It is believed that most any polytetrafluoro ethylene or similar analogous compound can be employed in forming the layer 12 as far as compatibility, i.e. non-reactivity with lithium at customary storage temperatures, is concerned. In some cases, however, difficulty may occur in applying the layer 12 due to the fact that it must be applied at a temperature below the melting temperature of lithium at approximately 357° F. and preferably below 300° F. to provide a desired safety margin. This may in turn limit the application method to the application of the material in a solvent-like carrier which also must be non-reactive with lithium at the temperature of application; and suitable solvent-like carriers that result in a desired coating to form the layer 12 may not be presently available for all of the operative predominantly fluorine substituted polymeric materials that could be used with efficacy.
The layer 12 is applied in, for example, an apparatus such as schematically shown in FIG. 2. The same includes a sealed tumbler 14 in which the lithium bodies 10 may be placed and agitated by rotating the tumbler 14 about an axis 16. The coating material from any suitable supply 18 may be directed via a conduit 20 on the rotational axis 16 of the tumbler 14 to the interior thereof and a spray nozzle 22 therein. The spray nozzle 22 sprays the coating material on the bodies 10 while they are being agitated to provide an even coating.
The interior of the tumbler 14 may be provided with an inert gas purge 24. Argon has been found useful for the purpose.
An exit tube 26 on the rotational axis 16 of the tumbler 14 may be connected to a slight vacuum source 28.
In the usual case, the bodies 10 will be agitated through rotation of the tumbler while the coating is sprayed via the spray nozzle 22 thereon. After a desired build-up of the coating on the bodies 10 is achieved, a valve 30 may be closed to terminate the spraying operation. At the same time a valve 34 may be opened to apply a slight vacuum to the interior of the tumbler 14. In the usual case, the vacuum need be only on the order of 3-4 inches of water where a highly volatile solvent, such as trichlorotrifluoroethane is being utilized.
After the solvent has evaporated from the liquid applied to the bodies 10 within the tumbler 14, the valve 34 may be closed and the valve 30 reopened to begin a second spraying step. This procedure may be repeated as often as desired until a desired thickness of the layer 12 on the bodies is achieved.
It is highly desirable that only a slight vacuum be applied to the interior of the tumbler 14 when highly volatile solvents are employed as carriers for the polymeric material. If too great of a rate of evaporation occurs, imperfections in the layer 12 may occur. Thus, by using a relatively slight vacuum, evaporated solvent can be withdrawn from the interior of the tumbler without causing too great a rate of evaporation such that damage to the layer 12 would occur. In some instances, it is further desirable to introduce a diluent into the liquid being sprayed on the bodies 10 to further reduce the rate of evaporation. For example, in the case of a Vydax 550 application, a diluent non-reactive with the lithium such as 1,1,1-trichloroethane may be utilized.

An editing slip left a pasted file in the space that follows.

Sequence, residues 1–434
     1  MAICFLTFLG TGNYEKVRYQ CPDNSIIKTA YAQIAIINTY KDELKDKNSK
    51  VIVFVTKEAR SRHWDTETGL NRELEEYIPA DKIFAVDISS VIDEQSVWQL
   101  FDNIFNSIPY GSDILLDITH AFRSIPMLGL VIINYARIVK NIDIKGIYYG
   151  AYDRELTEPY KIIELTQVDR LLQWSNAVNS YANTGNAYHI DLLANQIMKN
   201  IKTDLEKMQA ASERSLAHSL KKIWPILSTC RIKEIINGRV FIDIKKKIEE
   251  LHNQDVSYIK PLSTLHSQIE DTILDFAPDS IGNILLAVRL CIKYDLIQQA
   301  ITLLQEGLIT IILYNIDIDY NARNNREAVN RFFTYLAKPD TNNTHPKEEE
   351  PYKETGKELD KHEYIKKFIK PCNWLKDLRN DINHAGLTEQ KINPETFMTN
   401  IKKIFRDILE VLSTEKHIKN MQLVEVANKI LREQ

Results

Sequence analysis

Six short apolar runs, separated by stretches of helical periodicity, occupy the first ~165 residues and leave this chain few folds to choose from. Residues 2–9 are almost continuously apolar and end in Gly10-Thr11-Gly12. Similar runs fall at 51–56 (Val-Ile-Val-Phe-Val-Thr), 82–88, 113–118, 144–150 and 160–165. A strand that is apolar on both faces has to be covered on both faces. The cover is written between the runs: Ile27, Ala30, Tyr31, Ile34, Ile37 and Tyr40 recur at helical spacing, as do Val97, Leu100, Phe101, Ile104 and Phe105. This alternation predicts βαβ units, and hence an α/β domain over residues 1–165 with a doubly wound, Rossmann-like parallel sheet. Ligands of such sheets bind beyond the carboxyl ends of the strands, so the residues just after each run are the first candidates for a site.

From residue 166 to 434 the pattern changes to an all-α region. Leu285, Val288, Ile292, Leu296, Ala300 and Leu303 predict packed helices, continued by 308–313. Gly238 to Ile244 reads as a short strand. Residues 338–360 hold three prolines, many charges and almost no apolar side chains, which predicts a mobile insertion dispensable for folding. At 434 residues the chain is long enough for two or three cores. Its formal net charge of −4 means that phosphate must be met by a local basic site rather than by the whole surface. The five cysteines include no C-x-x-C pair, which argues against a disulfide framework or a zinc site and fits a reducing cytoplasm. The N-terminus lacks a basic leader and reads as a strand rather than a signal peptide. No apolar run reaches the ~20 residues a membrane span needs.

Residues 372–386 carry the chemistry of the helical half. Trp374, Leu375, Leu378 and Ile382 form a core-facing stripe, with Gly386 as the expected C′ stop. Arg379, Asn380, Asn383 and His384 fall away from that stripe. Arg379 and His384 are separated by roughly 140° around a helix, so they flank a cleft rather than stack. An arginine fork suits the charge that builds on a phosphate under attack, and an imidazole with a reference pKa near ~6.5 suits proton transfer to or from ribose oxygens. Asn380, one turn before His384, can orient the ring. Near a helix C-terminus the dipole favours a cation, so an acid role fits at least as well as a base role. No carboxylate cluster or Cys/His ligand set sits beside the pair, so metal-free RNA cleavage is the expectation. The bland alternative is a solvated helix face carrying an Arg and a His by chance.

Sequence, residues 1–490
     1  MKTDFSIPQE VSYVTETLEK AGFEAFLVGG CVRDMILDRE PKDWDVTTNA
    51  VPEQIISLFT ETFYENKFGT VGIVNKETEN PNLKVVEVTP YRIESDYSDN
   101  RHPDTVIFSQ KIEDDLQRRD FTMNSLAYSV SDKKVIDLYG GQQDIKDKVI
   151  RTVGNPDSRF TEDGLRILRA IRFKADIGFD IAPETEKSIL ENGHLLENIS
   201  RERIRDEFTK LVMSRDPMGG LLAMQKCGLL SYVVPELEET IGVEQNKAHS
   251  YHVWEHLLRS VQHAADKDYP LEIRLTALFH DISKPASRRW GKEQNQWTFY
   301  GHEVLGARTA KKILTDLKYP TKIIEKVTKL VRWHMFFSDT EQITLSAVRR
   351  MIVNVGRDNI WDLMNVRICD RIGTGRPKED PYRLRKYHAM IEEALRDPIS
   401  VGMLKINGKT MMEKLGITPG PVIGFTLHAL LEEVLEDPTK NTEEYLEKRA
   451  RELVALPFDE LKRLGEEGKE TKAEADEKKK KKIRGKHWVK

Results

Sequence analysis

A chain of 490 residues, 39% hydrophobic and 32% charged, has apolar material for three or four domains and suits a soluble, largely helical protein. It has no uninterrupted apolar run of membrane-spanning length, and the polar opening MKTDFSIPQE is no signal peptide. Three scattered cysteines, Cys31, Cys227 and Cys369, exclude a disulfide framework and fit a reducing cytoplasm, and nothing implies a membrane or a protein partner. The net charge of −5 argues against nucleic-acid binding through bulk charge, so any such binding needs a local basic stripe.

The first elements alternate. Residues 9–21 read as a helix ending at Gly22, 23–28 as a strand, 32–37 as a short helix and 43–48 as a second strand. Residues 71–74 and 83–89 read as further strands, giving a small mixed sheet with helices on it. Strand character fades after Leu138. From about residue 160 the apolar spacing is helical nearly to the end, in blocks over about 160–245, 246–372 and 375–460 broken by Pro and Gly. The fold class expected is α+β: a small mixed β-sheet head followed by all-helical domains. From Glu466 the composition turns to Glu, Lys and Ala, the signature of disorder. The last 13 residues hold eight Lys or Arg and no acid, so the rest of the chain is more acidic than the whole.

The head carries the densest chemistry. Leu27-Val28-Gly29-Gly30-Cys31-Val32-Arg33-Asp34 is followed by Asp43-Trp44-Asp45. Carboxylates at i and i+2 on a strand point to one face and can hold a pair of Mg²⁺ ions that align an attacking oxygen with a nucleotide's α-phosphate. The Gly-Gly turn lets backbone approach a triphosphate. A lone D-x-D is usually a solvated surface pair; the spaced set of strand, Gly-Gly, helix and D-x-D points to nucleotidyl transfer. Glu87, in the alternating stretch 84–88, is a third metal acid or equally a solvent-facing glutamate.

The resulting encapsulated lithium fuel pellets, upon removal from the tumbler 14, will preferably be stored in an inert gas atmosphere utilizing an inert gas on the periodic table such as argon. It is, however, to noted that the encapsulated fuel pellets will be relatively stable at this point in time so as to allow easy transfer to storage. They may be exposed to air for several minutes without any noticeable reaction occurring. They will also be relatively insensitive to shock.
An exemplary form of a power source in which the encapsulated lithium pellets may be employed as fuel is illustrated in FIG. 3. The same may be utilized as a propulsion source for a torpedo or the like. Alternately, the same could be used as a stored chemical energy electrical generating system for operating an electrical generator or for virtually any other usage where heat generated by the oxidation of the encapsulated lithium fuel pellets can be used with advantage.
In the embodiment illustrated in FIG. 3, there is provided a boiler 100 having a working fluid chamber 102 and an oxidation chamber 104 in heat exchange relation therewith. The working fluid chamber 102 may include a series of tubes disposed within the chamber 104 or any other desired design.
The oxidation chamber 104 is filled with the encapsulated lithium fuel pellets of the present invention and also includes an oxidant injection nozzle 106 and an initiator 108. Preferably, because of the temperatures generated within the boiler 100 after the system has been started up, ullage (void space) will account for approximately 20% of the volume of the oxidation chamber 104. This allows for substantial thermal expansion of lithium fuel pellets upon heating to operating temperature without creating high mechanical pressures on the interior of the boiler due to thermal expansion of the fuel.
The initiator 108 may be any desired heat source that is capable of raising the temperature of the encapsulated lithium fuel pellets in its immediate vicinity to the temperature whereat an oxidation reaction between the lithium and the polymeric coating thereon occurs. As alluded to previously, it is believed that such a reaction begins at the melting point of lithium, that is, 357° F.